HIM Homebodies — Ignited by COVID-19, More Operations Go Remote
By Lisa A. Eramo, MA
For The Record
Vol. 32 No. 5 P. 24
Professionals reflect on lessons learned and share tips for managing remote staff.
When COVID-19 hit, Joe Naretto, MHA, RHIA, senior director of HIM at Novant Health in Charlotte, North Carolina, was faced with the task of transitioning 80 full-time employees anchored onsite at various corporate locations across the state to remote work arrangements.
“Our direction from leadership was: ‘Stay-at-home orders or not, we’ve got to get as many people home as quickly as possible,’” Naretto says. “In a week, it went from ‘let’s think about it’ to ‘we’ve got to make this happen.’”
In a matter of days, deficiency analysts, scanning specialists, and release of information (ROI) specialists shifted to at-home work arrangements. Transitioning ROI staff home was the most challenging because Naretto didn’t want them to print patient information from home or receive ROI requests at their home address.
The solution? Staff worked out a rotating schedule to ensure someone would always be onsite to process paper requests in a timely manner. “A lot of our requesters are also working remotely, so output methods have transitioned to more digital methods of releasing information as well, which is good,” Naretto says. “Several scanners also work onsite to scan paper documents and process mail requests.”
Naretto says the rapid shift to remote work arrangements would have been impossible without the help of robust analytics. “All of the hard work we’ve done in terms of getting our analytics capabilities up and running was what allowed us to monitor performance as we’ve transitioned to remote work so quickly,” he says. “Up until the end of 2019, we did not have the level of reporting and analytics capabilities necessary to track departmental metrics, team member performance, and workload analysis in a robust enough manner.”
So far, HIM operations continue to run smoothly, though Naretto admits he’s pleasantly surprised. “If you had told me at the end of 2019 that everyone would be remote, I would have probably laughed and said, ‘I don’t think so.’ But it’s funny how quickly you innovate when you’re trying to keep people safe. Our success through this transition is a testament to how resilient our HIM leaders and team members are under pressure,” he says.
Health care isn’t any different from any other industry grappling with COVID-19, Naretto says. “We didn’t realize how capable we were of making this transition. I’m sure a lot of organizations—whether they’re in health care or not—find themselves in this same scenario,” he says.
Privacy and Security Concerns
Rebecca Harmon, MPM, RHIA, CCA, HIM director at a large medical center in Pennsylvania, had already been planning to move most of her 50-member HIM team prior to COVID-19. “I was already talking to my supervisors and saying that I’d really like to shift our practice to one where people could work from home at least two days a week,” she says.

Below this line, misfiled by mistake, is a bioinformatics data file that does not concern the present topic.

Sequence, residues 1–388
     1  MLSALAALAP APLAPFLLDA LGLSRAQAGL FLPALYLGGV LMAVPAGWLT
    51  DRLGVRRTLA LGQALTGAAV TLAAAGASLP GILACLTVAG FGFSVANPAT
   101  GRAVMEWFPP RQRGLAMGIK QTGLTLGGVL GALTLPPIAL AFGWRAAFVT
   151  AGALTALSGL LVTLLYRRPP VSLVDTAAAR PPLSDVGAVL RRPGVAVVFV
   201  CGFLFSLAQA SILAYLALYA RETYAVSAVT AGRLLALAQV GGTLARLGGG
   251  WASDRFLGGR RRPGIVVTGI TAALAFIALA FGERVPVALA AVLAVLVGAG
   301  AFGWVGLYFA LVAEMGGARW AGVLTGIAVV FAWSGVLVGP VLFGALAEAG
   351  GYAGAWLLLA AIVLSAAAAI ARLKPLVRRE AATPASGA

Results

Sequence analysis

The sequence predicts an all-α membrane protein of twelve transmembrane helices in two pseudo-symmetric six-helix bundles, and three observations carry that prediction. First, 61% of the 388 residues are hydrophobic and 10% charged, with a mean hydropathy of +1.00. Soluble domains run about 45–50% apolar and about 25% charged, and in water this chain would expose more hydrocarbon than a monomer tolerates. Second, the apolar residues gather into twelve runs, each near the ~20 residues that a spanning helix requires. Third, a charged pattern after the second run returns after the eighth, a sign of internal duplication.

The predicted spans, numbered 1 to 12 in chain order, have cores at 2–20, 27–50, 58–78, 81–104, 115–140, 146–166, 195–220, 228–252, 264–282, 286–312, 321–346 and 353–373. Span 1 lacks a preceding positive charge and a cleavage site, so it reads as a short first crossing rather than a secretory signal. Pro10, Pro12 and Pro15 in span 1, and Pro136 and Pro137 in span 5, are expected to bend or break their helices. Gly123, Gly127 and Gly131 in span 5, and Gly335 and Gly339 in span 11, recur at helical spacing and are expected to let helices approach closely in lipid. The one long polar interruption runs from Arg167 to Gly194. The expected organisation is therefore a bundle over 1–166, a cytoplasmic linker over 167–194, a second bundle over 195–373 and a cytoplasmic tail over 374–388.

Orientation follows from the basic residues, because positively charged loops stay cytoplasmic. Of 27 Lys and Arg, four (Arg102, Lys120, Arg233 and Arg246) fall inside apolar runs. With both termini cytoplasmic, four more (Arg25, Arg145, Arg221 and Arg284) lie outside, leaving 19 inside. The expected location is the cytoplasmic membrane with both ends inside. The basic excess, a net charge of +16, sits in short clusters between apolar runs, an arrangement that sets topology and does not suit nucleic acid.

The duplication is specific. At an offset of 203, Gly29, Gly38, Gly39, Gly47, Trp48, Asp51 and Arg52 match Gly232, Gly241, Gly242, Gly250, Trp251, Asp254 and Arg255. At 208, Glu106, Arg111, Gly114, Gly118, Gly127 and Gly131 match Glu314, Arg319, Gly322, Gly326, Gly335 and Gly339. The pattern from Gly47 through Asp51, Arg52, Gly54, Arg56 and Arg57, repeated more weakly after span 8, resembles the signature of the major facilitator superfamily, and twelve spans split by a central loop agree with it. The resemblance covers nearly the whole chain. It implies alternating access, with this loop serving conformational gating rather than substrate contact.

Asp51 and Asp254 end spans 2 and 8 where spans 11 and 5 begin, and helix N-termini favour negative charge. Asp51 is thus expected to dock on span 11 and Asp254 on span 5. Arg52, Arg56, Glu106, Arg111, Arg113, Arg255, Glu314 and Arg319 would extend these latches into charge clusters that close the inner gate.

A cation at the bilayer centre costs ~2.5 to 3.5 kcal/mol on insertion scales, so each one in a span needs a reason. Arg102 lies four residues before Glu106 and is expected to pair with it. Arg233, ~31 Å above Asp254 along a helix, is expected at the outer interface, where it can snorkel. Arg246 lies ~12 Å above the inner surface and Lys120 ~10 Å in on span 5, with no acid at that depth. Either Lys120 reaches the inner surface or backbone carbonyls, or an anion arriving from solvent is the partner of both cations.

Coders already worked remotely, but Harmon wanted to transition record reviewers, HIM specialists, scanners, and ROI staff home as well. Working from home would be a perk that could help with retention, especially for staff on the verge of retirement. “I wanted to retain their expertise and the knowledge they had,” Harmon says. “I can’t give someone more money, but I can provide other perks like working from home.”
Then the pandemic hit. Harmon’s staff each signed a remote/telework agreement and completed web-based training modules that covered basic information about privacy, security, and remote access. Some staff use employer-provided laptops while others use personal laptops with a smart card reader provided by the health system. Employees navigate to a URL that facilitates access to the hospital’s system. They enter log-in credentials, insert the smart card, enter a passcode, and then access the system.
Normally, the health system issues laptops to all remote employees. However, enabling staff to use their own laptops in a private and secure way expedited the transition because HIM staff didn’t need to put their name on a waiting list, Harmon says.
Now, most HIM staff work from home. Staff have a rotating schedule to ensure someone is onsite daily to scan paper EKG strips and respond to paper-based ROI requests.
“It’s working, and it’s working well,” Harmon says. “HIM operations are proceeding as they did before. I’ve been really proud of my team for being willing to do things differently.”
Capitalizing on Existing Infrastructure
At Sanford Health headquartered in Sioux Falls, South Dakota, working from home had been the norm for more than one-half of the health system’s 450-member HIM staff. Spread out over more than 20 states, the work-at-home staff includes coders, transcriptionists, cancer registrars, HIM analysts, data integrity analysts, speech recognition support team members, several document imaging staff, several ROI staff, and a bunch of other leaders. An additional 20% of staff went remote in the first few weeks of the pandemic.
Senior director of HIM and Coding Carol Person, MS, RHIA, and her leadership team worked with each staff member to determine who preferred to work from home and whether their job responsibilities were suitable for an at-home arrangement. Several document imaging specialists processing paper documents as well as ROI staff processing paper requests remained onsite. A handful of employees also remained onsite by choice.
“I think our long-term experience really worked to our advantage in terms of our ability to make a smooth transition,” Person says. “We already had work-from-home agreements, policies, and procedures in place.”
Managers and supervisors monitored workloads daily—particularly in light of decreased patient volumes due to fewer elective procedures. “We did adjust hours as needed in relation to workload volumes,” Person says. “They either took paid time off or they may have reduced their hours without pay.”
Person says the transition has gone well so far. “It takes work and creativity. You learn to adapt, but I believe you can be very successful,” she says.
Tips for Managing Remote Staff
Prior to COVID-19, HIM managers may have gained experience managing remote staff—particularly coders. However, few had experience with managing an entire team remotely. As a result, experts say the pandemic required a pivot in leadership style.
“You can’t transition to remote work and lead the same way you did when everyone was in the building,” Naretto says.
To manage remote staff effectively, consider the following tips: